At a time when former Karnataka Chief Minister BS Yeddyurappa is trying hard to come back to power in the state, the Supreme Court’s directives to the Central Bureau of Investigation (CBI) to initiate an inquiry with regards to his alleged links in the illegal mining case has come as a big jolt for him. The Supreme Court directive came on the findings of a Central Powered Committee (CEC) which was authorized to look into the case of illegal mining in Karnataka. Going by the report of the committee which was constituted on the directive of the Supreme Court, the former CM is accused of violating rules and regulations in giving mining leases. Now only time will tell whether the CBI, which is looking into the matter, will be able to go get to the bottom of the case and find out whether the companies which were allegedly given mining lease by the former CM had offered bribe to companies and trusts owned by the relatives of Yeddyurappa.  In first instance, it looks like a give and take case and all the more it is no secret that companies extend favour to politicians in order to get their work done. Unfortunately such instances are increasing by leaps and bounds. A number of corrupt practices which have surfaced over the years make us realize that politicians are not willing to adopt transparency in their functioning. On the other hand the corporate world in order to become rich overnight is resorting to unfair means.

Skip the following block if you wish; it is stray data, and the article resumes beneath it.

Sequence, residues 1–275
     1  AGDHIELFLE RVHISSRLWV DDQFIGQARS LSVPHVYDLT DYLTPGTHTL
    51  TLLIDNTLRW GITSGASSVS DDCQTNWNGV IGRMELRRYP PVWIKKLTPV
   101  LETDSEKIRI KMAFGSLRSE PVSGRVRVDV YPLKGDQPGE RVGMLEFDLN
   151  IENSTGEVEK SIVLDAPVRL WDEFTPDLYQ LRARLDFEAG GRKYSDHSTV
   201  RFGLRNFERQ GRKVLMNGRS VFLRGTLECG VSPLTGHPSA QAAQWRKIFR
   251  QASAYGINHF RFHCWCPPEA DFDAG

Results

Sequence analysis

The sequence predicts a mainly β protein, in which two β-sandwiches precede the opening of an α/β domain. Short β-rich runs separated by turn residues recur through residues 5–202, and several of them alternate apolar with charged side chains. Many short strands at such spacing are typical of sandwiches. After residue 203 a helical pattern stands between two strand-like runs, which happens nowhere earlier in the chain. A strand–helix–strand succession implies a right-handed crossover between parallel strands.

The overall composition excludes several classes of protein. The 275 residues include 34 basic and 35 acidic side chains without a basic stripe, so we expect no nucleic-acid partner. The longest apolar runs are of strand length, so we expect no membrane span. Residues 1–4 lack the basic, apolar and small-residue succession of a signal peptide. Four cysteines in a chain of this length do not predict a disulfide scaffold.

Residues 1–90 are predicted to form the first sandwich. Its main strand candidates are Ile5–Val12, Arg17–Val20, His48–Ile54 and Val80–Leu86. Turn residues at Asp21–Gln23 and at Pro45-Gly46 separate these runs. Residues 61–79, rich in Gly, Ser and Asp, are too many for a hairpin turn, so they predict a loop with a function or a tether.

There is no ambiguity in the fact that our politicians are largely responsible for the increasing corruption but corporate world is equally to be held responsible for the mess. If this trend persists, and goes on unabated, the corporate world too would meet the same fate as politicians. It is a matter of worry that governments are least concerned about conserving our natural resources. Unfortunately this has not happened in Karnataka alone but other state governments too have shut their eyes on such issues. It is also a reality that exploitation of minerals has been going on unabated in different parts of the country. Madhu Koda, the former Jharkhand Chief Minister earned the ignominy of allegedly collecting billions of rupees from the coal mine allocation in the state. A number of such irregular practices have surfaced in the states of Goa and MP also. Sometimes it looks like that mining mafias are running parallel government in states which are rich in minerals. Whatever may be the reality it is to be seen how does the CBI handle Yeddyurappa’s case. This because CBI’s track record has been frustrating.